Jonathan, son of Kevin:
Brian C. Saunders:
Jonathan, son of Kevin:
Jonathan, son of Kevin:
Fantastic Four #335-336
Issue(s): Fantastic Four #335, Fantastic Four #336
These issues have an almost bipolar approach in tone, on the one hand addressing the serious topic of the Superhero Registration Act while on the other hand continuing to send wave after wave of (supposedly) lame villains after the Fantastic Four.
I'll start with Reed Richards quoting James Madison:
It's not an inherent contradiction, but it feels like a very different attitude than the guy who once said "We've never bucked the government before, and we can't start now." while deferring to Henry Kissinger. There is an interesting component to Mr. Fantastic, and to a lesser degree, all of the FF. They have always been public superheroes with no secret identities, and they've very rarely run afoul of the government, even compared to the Avengers. And Henry Gyrich (who appears in this arc) never tried to micromanage them. And Reed himself is very much a traditional patriarchal authority figure. So if he came down in favor of the Superhero Registration Act, as indeed he does when this comes up again during Civil War, i wouldn't have a problem with it. But in this case, while his testimony to Congress is nominally even-handed, he does stack the deck against the Registration Act this time.
But before Reed begins testifying, we hear from a few other people, starting with an army general, who clearly has the military applications of the Act in mind.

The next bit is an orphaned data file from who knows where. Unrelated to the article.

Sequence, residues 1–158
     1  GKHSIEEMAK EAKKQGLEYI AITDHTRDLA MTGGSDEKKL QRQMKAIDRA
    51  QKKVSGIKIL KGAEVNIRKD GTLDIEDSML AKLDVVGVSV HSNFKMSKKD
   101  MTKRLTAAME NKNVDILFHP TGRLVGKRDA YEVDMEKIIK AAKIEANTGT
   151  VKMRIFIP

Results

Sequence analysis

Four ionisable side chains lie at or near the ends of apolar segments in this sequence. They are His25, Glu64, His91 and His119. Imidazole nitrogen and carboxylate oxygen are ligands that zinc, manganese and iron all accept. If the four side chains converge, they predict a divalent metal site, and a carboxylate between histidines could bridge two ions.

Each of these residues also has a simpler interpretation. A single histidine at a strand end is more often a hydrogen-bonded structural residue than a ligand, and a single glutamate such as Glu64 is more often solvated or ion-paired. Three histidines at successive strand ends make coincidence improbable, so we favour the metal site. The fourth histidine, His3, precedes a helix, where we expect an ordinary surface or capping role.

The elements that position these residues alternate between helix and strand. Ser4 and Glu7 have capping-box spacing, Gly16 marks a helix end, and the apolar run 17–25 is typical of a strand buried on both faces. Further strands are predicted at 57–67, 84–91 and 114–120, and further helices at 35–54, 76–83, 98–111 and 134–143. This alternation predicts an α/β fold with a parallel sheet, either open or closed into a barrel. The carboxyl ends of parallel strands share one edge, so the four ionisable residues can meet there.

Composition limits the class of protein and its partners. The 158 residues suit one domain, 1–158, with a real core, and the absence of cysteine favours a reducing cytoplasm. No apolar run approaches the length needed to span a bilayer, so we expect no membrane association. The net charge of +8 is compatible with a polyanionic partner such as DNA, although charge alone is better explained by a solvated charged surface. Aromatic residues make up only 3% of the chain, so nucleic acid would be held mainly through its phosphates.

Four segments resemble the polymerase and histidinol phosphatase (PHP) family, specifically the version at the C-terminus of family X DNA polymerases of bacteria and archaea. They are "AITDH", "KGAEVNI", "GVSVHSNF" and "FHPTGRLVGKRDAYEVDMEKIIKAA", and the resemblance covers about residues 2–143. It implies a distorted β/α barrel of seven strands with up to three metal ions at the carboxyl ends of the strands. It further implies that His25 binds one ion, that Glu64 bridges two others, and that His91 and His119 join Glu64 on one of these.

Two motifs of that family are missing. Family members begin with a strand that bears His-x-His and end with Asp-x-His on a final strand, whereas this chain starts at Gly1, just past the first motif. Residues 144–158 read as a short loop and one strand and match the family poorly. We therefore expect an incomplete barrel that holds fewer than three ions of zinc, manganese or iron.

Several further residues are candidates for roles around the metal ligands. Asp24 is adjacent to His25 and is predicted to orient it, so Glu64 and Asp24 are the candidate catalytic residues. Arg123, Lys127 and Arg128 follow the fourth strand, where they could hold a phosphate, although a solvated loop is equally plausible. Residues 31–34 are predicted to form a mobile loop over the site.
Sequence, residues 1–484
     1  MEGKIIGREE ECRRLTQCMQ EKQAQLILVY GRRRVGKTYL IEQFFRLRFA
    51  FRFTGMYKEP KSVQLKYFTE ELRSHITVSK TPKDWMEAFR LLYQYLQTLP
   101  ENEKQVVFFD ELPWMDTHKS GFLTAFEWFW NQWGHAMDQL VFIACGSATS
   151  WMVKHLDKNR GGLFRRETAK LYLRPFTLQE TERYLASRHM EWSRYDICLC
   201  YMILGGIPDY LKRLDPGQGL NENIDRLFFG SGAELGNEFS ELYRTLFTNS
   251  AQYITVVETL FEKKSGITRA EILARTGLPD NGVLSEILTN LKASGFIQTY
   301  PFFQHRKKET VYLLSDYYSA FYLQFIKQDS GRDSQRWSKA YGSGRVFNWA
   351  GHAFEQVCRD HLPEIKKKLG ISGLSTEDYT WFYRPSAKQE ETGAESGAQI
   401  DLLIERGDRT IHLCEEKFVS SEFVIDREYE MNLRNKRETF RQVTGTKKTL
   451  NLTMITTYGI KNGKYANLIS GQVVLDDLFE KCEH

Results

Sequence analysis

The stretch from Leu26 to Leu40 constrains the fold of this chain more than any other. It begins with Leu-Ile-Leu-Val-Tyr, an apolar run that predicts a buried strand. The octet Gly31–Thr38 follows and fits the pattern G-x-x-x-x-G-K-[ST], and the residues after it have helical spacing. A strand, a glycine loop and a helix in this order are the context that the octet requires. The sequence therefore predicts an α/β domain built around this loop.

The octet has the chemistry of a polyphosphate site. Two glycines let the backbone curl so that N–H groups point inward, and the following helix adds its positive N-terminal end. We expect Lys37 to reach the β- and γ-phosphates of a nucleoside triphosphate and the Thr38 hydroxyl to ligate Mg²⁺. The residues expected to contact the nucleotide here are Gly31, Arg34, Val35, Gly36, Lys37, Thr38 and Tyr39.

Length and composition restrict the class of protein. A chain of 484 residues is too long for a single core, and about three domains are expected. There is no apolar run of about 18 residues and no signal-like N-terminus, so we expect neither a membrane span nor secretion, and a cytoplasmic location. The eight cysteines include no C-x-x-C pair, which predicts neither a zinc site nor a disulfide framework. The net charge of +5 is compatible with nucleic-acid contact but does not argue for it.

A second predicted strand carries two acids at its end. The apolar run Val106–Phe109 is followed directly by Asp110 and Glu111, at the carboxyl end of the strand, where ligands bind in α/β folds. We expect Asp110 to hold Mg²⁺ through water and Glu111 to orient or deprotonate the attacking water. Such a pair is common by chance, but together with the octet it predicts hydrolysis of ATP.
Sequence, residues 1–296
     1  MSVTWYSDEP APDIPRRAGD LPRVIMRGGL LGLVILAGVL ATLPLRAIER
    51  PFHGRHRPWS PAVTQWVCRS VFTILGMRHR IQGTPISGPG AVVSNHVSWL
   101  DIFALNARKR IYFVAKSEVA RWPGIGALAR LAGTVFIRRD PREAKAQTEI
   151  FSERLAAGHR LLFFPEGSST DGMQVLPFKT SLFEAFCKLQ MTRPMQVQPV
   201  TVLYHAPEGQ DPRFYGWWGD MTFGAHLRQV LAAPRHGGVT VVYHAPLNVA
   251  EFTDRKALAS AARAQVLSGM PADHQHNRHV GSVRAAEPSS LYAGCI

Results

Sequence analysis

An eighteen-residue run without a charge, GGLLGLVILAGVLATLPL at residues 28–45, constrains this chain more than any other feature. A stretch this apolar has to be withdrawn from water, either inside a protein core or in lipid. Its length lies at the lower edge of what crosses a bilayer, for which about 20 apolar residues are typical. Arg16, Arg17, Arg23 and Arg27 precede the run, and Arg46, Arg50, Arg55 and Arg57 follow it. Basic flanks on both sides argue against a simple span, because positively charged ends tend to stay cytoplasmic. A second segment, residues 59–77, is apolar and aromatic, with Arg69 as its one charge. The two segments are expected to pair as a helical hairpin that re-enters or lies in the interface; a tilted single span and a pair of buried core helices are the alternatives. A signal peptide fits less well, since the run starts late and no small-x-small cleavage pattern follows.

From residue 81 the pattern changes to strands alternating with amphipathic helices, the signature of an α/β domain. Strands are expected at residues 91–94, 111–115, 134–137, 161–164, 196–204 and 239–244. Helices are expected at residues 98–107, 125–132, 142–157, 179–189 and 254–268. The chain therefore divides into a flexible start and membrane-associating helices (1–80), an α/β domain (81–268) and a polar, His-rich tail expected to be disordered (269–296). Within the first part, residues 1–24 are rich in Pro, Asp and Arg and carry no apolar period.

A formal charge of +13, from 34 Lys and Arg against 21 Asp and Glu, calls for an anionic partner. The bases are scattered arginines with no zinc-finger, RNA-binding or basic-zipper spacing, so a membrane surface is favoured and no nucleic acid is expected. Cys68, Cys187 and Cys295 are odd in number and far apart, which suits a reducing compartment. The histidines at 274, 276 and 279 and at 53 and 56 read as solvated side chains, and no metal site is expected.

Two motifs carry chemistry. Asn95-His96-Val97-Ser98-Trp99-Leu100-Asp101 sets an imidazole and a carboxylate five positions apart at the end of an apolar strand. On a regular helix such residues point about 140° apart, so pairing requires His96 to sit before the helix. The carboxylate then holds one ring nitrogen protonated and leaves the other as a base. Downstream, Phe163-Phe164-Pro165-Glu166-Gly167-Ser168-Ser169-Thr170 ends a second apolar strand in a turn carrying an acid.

We then hear from someone from the National Rifle Association, who as we heard last issue are against the Act due to the "if powers are outlawed, only outlaws will have powers" argument.
It's then noted that neither the Avengers nor X-Factor are available for testimony.
Despite the fact that they're called "mysterious", i like the fact that X-Factor is considered for testimony here. I know it's really just because Walt Simonson was involved in that book, but X-Factor had just become public super-heroes themselves. The role they played prior to that, as mutant hunters, would also be relevant, and it's also worth noting that the Mutant Registration Act, which had been already passed at this point, would be applicable to them.
Anyway, they're out in space, so we can't hear from them. But their main villain, Apocalypse, is around, and he gives everyone a scare by flying through the capitol.
But he doesn't actually land or do anything, so the hearing continues. But then the hearing is disrupted again by the obscure villain Ramrod, who defeats himself.
I think in real life even a clumsy attempt like that would result in the hearing getting shut down and the Congresspeople getting ushered out while a security sweep was run. But in this comic, anyway, the hearing continues and Henry Gyrich is called to the stand. He's got some opinions.
For a second there i thought he was going to make the case that the Mutant Registration Act was ok but the Superhero Registration Act would not be, on the grounds that non-mutant super-heroes are humans that have rights. But in the end he comes around to supporting the Superhero Act as well, making the case that if it's constitutional now to require men but not women to register for the draft, a similar law could be constructed for super-heroes that would pass Supreme Court muster.
Finally, it's time for the Fantastic Four to testify, but they are interrupted by more villains. This time it's Plantman and Quill, and they wind up accidentally defeating each other.
Mr. Fantastic assures the panel that the FF's villains are usually more "cosmic" although he does know the names of these guys because "we try to keep up.".